So, it's sort of a shame, because I absolutely love these sorts of huge, open world games, but I've just never really felt compelled to try out the GTA series. Red Dead Revolver, on the other hand, was awesome.

Comment: Re:In The Limit, It's the Things We Buy (Score 1) 803

by Dutch Gun (#49739747) Attached to: Oregon Testing Pay-Per-Mile Driving Fee To Replace Gas Tax

Pay-per-use means we have to track use, which means extra billing/administrative costs/HR involved, which means less of the money is actually going to what it is supposed to.

A great point, and one I also thought of only after I posted. An entire bureaucracy will need to be set up to install, monitor, and perform maintenance on these devices (or else it will be contracted out) at significant expense. It would be interesting to see exactly how much the overhead ends up costing per vehicle. And don't forget privacy concerns, as well as the fact that these devices will also track your use on private roads. There are so many negatives to this system, it's sort of hard to figure out why this is getting pushed through.

While per-vehicle fees are slightly less "fair" to those who drive less, you could also mitigate this by scaling by the cost of the car. Those who can afford the expensive cars can also shoulder a greater cost. This also tends to work well for commercial vehicles, which are typically much more expensive than your average car. And even so, I'd still offer slightly preferred rates to electric vehicles to get more of them out on the road. Once they're out there in greater numbers, you won't need to subsidize them.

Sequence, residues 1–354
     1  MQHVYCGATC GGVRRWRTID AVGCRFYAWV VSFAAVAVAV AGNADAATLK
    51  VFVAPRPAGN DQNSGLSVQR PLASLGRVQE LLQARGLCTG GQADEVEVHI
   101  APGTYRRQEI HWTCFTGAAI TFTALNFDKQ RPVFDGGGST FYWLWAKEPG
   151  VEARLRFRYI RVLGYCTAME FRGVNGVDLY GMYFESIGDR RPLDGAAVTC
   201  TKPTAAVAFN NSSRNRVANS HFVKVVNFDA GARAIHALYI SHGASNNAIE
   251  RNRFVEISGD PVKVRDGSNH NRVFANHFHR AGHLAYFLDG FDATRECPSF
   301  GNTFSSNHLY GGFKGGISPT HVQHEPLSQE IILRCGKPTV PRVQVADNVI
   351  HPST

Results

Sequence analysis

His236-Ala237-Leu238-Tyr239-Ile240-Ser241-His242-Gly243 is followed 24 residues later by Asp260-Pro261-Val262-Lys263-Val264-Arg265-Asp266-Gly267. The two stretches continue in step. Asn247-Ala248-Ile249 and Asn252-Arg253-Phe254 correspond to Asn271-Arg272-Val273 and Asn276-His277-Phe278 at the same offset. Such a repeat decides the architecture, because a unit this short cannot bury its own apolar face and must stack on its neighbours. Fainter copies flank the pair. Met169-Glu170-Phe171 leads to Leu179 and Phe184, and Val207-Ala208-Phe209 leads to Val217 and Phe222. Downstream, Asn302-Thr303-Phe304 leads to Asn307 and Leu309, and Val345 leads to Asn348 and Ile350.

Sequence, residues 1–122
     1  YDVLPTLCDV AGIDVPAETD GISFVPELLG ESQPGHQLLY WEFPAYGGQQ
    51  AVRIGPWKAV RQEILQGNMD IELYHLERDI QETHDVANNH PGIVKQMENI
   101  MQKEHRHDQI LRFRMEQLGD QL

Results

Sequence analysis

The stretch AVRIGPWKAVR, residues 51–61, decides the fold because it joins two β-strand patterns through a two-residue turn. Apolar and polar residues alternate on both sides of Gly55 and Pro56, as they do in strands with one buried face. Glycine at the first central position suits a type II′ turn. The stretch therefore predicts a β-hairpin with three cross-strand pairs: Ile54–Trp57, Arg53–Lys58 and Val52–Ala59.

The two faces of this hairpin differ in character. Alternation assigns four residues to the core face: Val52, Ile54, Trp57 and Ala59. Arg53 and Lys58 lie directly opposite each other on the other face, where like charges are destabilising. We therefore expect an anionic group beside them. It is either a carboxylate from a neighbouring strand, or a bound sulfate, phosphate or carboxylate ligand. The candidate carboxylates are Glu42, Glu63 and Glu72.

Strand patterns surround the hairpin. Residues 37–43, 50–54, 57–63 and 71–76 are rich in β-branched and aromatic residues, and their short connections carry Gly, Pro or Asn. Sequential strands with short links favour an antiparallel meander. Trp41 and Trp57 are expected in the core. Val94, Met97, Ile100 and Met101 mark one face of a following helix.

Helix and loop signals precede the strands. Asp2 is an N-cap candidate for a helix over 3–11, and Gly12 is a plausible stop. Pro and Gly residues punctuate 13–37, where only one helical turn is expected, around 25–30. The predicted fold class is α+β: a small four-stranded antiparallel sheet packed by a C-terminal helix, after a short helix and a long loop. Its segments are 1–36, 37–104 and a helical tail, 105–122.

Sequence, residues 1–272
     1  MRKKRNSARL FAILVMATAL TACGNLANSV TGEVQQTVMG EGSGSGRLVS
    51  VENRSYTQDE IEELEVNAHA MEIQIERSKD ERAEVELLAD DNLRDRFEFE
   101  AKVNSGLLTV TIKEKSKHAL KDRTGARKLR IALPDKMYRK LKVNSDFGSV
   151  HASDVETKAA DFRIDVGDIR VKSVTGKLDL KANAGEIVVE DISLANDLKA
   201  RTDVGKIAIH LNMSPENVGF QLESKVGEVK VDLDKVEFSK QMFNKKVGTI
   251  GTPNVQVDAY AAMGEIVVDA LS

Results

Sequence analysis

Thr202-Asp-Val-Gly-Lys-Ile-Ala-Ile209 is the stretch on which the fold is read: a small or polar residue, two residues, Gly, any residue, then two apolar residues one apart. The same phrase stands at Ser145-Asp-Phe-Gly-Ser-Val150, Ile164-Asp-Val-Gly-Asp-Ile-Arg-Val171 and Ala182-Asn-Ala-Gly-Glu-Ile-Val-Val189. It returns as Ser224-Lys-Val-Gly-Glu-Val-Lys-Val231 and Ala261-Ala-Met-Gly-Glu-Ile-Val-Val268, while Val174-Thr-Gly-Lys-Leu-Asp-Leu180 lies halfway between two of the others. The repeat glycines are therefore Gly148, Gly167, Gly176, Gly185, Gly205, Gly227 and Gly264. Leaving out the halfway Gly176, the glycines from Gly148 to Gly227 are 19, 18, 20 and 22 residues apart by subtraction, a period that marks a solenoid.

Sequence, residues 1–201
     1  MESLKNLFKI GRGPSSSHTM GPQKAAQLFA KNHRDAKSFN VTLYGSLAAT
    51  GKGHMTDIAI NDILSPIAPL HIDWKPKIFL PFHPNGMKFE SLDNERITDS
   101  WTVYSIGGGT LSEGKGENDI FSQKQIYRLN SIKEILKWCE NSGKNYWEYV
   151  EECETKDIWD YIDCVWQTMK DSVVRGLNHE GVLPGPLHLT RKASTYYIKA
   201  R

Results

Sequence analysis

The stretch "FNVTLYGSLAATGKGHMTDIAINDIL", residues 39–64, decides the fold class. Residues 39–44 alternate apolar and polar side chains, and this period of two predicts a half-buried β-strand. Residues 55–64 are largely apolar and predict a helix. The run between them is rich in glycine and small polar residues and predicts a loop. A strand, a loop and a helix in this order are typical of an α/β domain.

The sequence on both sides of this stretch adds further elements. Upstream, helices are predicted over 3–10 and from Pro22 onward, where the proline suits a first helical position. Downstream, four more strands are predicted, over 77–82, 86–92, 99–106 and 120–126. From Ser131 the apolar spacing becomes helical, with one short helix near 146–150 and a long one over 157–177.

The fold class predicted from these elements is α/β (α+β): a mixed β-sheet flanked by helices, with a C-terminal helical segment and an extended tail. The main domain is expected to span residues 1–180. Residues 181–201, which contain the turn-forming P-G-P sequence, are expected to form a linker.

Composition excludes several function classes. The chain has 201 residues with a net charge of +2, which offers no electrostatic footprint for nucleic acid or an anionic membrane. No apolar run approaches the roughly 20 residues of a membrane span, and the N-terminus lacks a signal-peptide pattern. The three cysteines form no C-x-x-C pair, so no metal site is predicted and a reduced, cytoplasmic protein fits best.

Comment: Re: Tolls? (Score 1) 803

by Dutch Gun (#49739623) Attached to: Oregon Testing Pay-Per-Mile Driving Fee To Replace Gas Tax

the private car has become a symbol of the free market

I think the car has always been more a symbol of "personal freedom" than "free markets." Besides, any notion of cars being symbols of the free market died when the government bailed out GM, leaving taxpayers on the hook for over $11 billion.

Comment: Re:Tolls? (Score 4, Insightful) 803

by Dutch Gun (#49737015) Attached to: Oregon Testing Pay-Per-Mile Driving Fee To Replace Gas Tax

Maybe we should just nix the idea that road infrastructure needs to be paid for with gas or vehicle taxes, and start paying for it from the general fund. I don't have kids, but I still pay a crapload of taxes to pay for funding public schools. I'd argue that someone who doesn't own a car still indirectly benefits from the road infrastructure just like I benefit indirectly from our public education system.

Besides which, are we serious or not about encouraging people to buy and use electric vehicles? Why are we still offering subsidies if we're just going to stick it to the customer another way?

Additionally, I'd love to hear how officials expect to defeat those who attempt to hack or disconnect whatever methods are used to track mileage use. People are already plenty adept at rolling back odometers, and I'm sure creative folks will also find a way to defeat any system for mileage tracking.

"Pascal is Pascal is Pascal is dog meat." -- M. Devine and P. Larson, Computer Science 340